A cellphone company partly owned by Norway’s Telenor is alleged to have paid some $25 million in kickbacks to acquire telecoms licenses in Uzbekistan, AFP reports, citing the Klassekampen daily.
The funds were reportedly transferred from Amsterdam-headquartered Vimpelcom, the operator of the Beeline brand in Uzbekistan, to the infamous Takilant Limited company, which is at the heart of two separate graft probes in Europe. Takilant is involved in a money-laundering probe in Switzerland (in which Karimova is a suspect), and also a bribery probe in Sweden involving another Nordic telecoms giant, TeliaSonera.
“Bank statements document how the money was transferred from a previously unknown company in the British Virgin Islands as Vimpelcom purchased licenses to the mobile market in the former Soviet state,” AFP quoted Klassekampen as saying.
Telenor responded that it has “zero tolerance for corruption, both when it comes to our own operations and also to the companies that we are part owners in.”
“We are a minority shareholder in Vimpelcom, so it’s up to Vimpelcom to take responsibility for answering any questions that relate to their operations,” Telenor communications head Glenn Mandelid told AFP.
Vimpelcom, which is 33 percent owned by Telenor, told EurasiaNet.org by email that there is nothing new in the information that has emerged.
Fast-food giant McDonald's will open its first restaurant in the oil-rich Central Asian state of Kazakhstan next year, in partnership with an energy tycoon related by marriage to President Nursultan Nazarbayev.
The company will open its first burger bar at an unspecified location in Kazakhstan in the second half of 2015, with more to follow, it announced on November 12.
McDonald’s is heading into Kazakhstan with good connections guaranteed: It will be partnering with prominent gas tycoon Kairat Boranbayev, whose daughter Alima is married to Nazarbayev’s grandson, Aysultan Nazarbayev.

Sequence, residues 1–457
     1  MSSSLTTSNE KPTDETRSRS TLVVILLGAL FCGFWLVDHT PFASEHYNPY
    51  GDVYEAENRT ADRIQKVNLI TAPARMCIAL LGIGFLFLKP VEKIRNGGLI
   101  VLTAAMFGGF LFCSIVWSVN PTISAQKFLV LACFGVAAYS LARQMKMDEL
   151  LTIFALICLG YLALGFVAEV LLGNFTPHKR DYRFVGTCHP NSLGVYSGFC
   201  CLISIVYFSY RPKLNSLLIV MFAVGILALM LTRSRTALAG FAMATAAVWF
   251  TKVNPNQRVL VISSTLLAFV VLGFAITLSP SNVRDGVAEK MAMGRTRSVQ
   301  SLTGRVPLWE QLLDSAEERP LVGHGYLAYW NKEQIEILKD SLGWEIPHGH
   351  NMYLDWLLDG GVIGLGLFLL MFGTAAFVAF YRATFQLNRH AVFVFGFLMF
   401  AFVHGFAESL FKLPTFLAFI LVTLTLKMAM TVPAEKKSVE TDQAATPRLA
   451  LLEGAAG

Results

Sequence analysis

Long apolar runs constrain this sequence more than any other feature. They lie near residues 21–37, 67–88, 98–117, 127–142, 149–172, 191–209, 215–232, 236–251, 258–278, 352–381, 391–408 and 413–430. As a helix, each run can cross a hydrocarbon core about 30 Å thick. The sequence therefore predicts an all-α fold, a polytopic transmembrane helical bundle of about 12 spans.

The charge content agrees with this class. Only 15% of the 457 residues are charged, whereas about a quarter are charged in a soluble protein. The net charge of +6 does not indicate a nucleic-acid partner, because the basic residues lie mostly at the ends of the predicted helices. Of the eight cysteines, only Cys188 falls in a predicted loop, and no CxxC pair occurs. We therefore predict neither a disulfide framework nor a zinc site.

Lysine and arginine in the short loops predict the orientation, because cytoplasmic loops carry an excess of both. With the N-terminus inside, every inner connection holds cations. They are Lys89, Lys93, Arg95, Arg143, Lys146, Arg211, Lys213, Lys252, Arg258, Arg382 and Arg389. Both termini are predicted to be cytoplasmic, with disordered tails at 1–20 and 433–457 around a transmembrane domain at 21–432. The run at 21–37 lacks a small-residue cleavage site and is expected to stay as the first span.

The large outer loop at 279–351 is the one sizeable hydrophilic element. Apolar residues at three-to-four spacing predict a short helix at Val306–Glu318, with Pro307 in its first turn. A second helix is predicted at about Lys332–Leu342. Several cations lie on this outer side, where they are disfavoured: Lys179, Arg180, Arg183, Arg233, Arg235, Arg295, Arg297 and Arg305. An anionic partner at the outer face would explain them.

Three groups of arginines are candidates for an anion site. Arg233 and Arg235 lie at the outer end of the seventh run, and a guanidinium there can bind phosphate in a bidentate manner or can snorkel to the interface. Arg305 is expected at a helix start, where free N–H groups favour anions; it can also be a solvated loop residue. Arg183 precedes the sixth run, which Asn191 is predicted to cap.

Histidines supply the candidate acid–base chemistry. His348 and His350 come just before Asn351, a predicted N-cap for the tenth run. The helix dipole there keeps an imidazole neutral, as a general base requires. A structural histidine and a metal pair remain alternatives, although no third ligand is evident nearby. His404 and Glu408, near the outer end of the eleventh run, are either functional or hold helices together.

“Our agreement with Kairat will enable us to continue to build our brand,” Doug Goare, president of McDonald’s Europe, said of the foray into Kazakhstan, where insiders say that the key to business success is often not what you know but who you know.
The Kazakhstan launch comes as McDonald’s comes under massive pressure in neighboring Russia, where more than half of its 440 locations are under investigation over alleged health and safety violations (which the company denies) and nine outlets have been temporarily closed.
Kazakhstan is a close economic partner of Russia’s, but has been keen to distance itself from Moscow as Western sanctions bite, making it abundantly clear that its doors are always open to foreign investors.
Uzbekistan’s practice of sending forced laborers to pick the cotton harvest causes a furor abroad every year. But now there are rumblings of discontent from within the country.
National University students have taken the unusual step of publicly complaining about being forced to help with the harvest, publishing an open letter to the prime minister and law-enforcement agencies on the Dunyo Uzbeklari (World of Uzbeks) opposition website.
Third-year male journalism students were ordered to the cotton fields by the rector and faculty deacon, says the letter. It is addressed to Prime Minister Shavkat Mirziyoyev; the prosecutor’s office; the National Security Service (SNB); the Higher Education Ministry; and the university rector, Mirzo Mukhamedov.
“Surely the legislation of Uzbekistan does not mention the responsibility of students for taking part in the cotton harvest?” the outraged students (who remained anonymous, no doubt fearing repercussions) ask. “Of course not!”
Students who do not wish to pick cotton could cough up 300,000 sums to buy themselves out, the letter said. That is equivalent to around $125 at the official exchange rate, or two months’ worth of a student’s living grant.
Uzbekistan’s cotton harvest relies on forced labor to help farmers meet government-set quotas.
In 2012, Tashkent – facing widespread international pressure over its widely documented use of child labor to harvest its main cash crop – moved to take younger children out of the cotton fields. However, human rights groups have reported that this merely shifted the burden of forced labor onto older children (including students) and adults. Tashkent denies using forced labor at all.